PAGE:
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Making Sense of the Games Politicians Play - Businessweek


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"Hohmann’s Buy a Feature changed everything. The rules require specific cuts: “close libraries one hour earlier,” rather than “cut library budgets by 5 percent.” This keeps players from passing the hard choices down to the library and requires them to confront the impact of their decisions. Each group has up to 10 players, who have to agree unanimously to cut a service or raise revenue. By design, most services are too expensive for a single player to pay for alone. That discourages posturing. A citizen can’t just make a viewpoint known; he has to persuade others to adopt it. “It forced participants to confront realities,” says Harkness. “It’s a lot different than standing up and saying, ‘You should do this or that.’”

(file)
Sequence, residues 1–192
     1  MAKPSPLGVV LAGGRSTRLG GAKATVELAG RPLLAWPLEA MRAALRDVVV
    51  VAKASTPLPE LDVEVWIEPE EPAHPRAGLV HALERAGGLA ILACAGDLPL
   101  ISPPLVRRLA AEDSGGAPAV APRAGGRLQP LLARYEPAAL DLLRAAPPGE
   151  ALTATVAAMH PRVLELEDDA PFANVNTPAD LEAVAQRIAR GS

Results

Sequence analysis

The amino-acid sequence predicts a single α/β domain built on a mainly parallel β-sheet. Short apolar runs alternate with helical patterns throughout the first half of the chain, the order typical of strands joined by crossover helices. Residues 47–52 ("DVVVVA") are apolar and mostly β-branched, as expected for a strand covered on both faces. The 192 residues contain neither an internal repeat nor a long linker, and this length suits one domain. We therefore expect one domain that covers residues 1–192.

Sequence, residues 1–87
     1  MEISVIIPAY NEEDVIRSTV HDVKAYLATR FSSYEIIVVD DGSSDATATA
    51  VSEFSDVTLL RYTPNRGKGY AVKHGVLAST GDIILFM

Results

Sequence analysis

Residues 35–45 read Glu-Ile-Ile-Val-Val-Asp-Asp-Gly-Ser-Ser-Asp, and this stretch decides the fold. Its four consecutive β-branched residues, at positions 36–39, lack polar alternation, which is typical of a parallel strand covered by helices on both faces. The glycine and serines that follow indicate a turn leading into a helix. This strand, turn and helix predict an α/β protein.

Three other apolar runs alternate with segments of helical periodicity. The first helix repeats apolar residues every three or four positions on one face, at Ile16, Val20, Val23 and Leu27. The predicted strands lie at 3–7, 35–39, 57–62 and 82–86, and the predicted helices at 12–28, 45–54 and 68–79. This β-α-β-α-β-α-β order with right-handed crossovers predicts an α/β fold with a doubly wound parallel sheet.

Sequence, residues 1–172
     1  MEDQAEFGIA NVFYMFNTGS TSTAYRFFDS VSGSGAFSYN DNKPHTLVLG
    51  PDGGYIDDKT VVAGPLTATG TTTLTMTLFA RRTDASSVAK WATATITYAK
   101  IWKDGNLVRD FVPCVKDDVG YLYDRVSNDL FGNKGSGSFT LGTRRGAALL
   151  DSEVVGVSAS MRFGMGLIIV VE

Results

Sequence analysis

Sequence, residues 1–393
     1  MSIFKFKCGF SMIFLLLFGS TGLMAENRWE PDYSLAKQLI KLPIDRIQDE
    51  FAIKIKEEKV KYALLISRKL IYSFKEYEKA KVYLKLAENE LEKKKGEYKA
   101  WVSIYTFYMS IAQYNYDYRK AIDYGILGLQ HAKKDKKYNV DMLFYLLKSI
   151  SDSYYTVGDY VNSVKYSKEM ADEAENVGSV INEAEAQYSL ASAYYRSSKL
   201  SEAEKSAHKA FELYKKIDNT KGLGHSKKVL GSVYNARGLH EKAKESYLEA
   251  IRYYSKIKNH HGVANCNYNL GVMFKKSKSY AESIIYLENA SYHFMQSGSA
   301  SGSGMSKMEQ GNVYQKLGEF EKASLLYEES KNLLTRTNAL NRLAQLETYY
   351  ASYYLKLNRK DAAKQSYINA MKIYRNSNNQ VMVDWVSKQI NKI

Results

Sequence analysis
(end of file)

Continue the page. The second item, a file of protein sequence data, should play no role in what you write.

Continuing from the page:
This is all starting to feel like one giant Settlers of Catan game.

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